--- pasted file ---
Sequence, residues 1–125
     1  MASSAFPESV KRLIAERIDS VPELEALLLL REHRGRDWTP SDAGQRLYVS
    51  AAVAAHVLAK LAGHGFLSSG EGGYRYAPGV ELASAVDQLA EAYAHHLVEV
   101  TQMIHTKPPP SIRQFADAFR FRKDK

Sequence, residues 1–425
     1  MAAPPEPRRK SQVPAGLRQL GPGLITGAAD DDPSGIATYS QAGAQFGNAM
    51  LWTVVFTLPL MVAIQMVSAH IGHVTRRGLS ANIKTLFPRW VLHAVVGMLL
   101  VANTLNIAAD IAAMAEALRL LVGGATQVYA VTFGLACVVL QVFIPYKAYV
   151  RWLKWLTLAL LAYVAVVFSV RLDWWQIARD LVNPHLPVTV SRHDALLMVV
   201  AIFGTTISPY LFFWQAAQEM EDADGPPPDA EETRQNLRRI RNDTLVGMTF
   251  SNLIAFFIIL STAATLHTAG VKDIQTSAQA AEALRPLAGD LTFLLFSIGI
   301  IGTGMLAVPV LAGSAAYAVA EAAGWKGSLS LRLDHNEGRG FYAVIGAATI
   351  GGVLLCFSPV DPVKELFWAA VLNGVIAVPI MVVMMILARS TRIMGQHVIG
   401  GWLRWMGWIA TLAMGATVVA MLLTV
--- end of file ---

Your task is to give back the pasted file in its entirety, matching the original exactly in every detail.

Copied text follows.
Sequence, residues 1–125
     1  MASSAFPESV KRLIAERIDS VPELEALLLL REHRGRDWTP SDAGQRLYVS
    51  AAVAAHVLAK LAGHGFLSSG EGGYRYAPGV ELASAVDQLA EAYAHHLVEV
   101  TQMIHTKPPP SIRQFADAFR FRKDK

Sequence, residues 1–425
     1  MAAPPEPRRK SQVPAGLRQL GPGLITGAAD DDPSGIATYS QAGAQFGNAM
    51  LWTVVFTLPL MVAIQMVSAH IGHVTRRGLS ANIKTLFPRW VLHAVVGMLL
   101  VANTLNIAAD IAAMAEALRL LVGGATQVYA VTFGLACVVL QVFIPYKAYV
   151  RWLKWLTLAL LAYVAVVFSV RLDWWQIARD LVNPHLPVTV SRHDALLMVV
   201  AIFGTTISPY LFFWQAAQEM EDADGPPPDA EETRQNLRRI RNDTLVGMTF
   251  SNLIAFFIIL STAATLHTAG VKDIQTSAQA AEALRPLAGD LTFLLFSIGI
   301  IGTGMLAVPV LAGSAAYAVA EAAGWKGSLS LRLDHNEGRG FYAVIGAATI
   351  GGVLLCFSPV DPVKELFWAA VLNGVIAVPI MVVMMILARS TRIMGQHVIG
   401  GWLRWMGWIA TLAMGATVVA MLLTV